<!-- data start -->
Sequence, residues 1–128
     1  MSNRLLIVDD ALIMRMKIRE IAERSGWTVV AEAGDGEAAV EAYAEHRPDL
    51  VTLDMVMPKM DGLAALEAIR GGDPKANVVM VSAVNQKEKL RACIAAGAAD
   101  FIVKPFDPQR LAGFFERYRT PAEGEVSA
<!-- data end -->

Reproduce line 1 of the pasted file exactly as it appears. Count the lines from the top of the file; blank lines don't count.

Sequence, residues 1–128